The catch is that Shakespeare’s dissection of realpolitik is built on something real. There is nothing at stake in this absurdist romp: the death of Arthur as well as the (unsatisfactorily) stylized battle scenes make little to no emotional impression. By turning King John into a cartoon — sometimes it feels as if we are watching squabbling suburban neighbors getting ready for combat on The People’s Court—Praxis Stage settles for a watchable, but at times sloppy, even amateurish, product.

The evening’s broad performances, including the cast’s slack delivery of the verse, reflects the lack of discipline. Annalise Cain delivers all of the magnificent Bastard’s speeches with a stern earnestness, Michael Underhill’s King John sports an effectively feral look, but he throws away the monarch’s best lines. David Picariello simply hasn’t the range to play three pivotal roles—they all glom together into the essence of nebbish. Daniel Boudreau takes on four characters, including the Duke of Austria and Pandolf, the papal emissary. He leans into the staging’s comic spirit: the dead crow fright wig he dons as Austria should be recognized with a separate credit on the program. Jeremy Johnson brings sturdy dignity to King Philip and the would-be assassin, Hubert. Poornima Kirby strives to do right by Constance’s mourning, while Mary Potts Dennis as Queen Eleanor and Jane Regan as Lady Blanche provide pedestrian support.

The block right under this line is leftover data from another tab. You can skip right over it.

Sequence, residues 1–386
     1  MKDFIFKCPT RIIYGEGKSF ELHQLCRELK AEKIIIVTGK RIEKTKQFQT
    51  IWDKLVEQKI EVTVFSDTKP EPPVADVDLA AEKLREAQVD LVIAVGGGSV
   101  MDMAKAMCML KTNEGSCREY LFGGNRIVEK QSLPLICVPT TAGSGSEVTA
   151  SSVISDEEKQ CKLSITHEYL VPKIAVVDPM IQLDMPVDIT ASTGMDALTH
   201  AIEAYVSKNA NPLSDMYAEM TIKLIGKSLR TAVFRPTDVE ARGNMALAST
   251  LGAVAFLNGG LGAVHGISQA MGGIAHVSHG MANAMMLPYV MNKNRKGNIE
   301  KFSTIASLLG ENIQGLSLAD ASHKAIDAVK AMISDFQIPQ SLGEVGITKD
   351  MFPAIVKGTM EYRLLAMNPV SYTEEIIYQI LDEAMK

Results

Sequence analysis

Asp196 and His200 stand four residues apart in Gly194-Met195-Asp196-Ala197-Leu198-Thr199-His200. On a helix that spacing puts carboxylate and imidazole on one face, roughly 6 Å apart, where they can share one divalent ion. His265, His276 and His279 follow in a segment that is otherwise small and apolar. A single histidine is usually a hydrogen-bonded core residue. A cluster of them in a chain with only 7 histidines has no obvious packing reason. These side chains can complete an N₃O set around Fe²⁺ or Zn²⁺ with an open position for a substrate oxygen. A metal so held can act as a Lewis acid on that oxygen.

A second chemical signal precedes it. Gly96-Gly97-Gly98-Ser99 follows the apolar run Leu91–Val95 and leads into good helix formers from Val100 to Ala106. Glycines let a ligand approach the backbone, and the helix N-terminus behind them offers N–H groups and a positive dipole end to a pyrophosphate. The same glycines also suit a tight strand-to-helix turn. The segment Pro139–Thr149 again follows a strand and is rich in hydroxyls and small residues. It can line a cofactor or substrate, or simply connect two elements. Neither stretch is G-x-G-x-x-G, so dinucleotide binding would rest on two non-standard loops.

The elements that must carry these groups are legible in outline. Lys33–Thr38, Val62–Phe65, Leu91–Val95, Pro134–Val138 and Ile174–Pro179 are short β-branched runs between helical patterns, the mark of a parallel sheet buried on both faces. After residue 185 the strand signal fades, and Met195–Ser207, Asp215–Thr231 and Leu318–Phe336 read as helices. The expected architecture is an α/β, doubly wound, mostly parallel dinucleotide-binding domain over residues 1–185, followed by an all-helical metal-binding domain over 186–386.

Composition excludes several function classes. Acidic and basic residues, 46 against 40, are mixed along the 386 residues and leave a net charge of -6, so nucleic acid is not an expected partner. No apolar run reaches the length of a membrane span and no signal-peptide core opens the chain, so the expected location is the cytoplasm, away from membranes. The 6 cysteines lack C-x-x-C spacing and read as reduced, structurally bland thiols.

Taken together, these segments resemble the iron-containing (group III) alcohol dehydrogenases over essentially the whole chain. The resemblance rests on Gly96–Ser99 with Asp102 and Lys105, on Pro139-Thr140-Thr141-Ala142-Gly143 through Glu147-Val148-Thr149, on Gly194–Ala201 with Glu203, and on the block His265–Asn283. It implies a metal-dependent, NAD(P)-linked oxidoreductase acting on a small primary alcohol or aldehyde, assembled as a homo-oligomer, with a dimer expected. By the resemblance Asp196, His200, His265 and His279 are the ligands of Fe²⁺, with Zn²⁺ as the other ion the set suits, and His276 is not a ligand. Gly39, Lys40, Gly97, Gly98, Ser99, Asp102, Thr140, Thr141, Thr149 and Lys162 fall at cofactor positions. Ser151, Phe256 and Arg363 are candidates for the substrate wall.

Still, for all of the faults in its production, Praxis Stage should be congratulated. The company picked the right time to stage a Shakespeare play about a head of state who doesn’t have anything on his mind but corruption. The play’s cynical truth is useful now because it hurts: John’s ouster is simply a matter of chance.

Bill Marx is the editor-in-chief of The Arts Fuse. For over three decades, he has written about arts and culture for print, broadcast, and online. He has regularly reviewed theater for National Public Radio Station WBUR and The Boston Globe. He created and edited WBUR Online Arts, a cultural webzine that in 2004 won an Online Journalism Award for Specialty Journalism. In 2007 he created The Arts Fuse, an online magazine dedicated to covering arts and culture in Boston and throughout New England